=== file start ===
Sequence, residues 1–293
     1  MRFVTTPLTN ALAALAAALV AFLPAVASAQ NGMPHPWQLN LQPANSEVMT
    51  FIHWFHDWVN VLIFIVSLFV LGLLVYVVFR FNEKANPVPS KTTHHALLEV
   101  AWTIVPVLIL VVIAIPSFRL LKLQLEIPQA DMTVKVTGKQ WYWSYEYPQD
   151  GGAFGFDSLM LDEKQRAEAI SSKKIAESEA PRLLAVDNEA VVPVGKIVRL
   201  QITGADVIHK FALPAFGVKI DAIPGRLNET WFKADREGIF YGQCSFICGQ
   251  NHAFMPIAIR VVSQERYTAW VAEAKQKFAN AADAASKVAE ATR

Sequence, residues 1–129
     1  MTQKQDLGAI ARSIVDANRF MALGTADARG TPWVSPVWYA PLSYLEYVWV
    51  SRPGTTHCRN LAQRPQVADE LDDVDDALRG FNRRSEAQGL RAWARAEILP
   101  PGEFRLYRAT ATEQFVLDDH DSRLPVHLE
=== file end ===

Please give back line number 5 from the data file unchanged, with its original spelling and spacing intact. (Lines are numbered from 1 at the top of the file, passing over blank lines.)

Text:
   151  GGAFGFDSLM LDEKQRAEAI SSKKIAESEA PRLLAVDNEA VVPVGKIVRL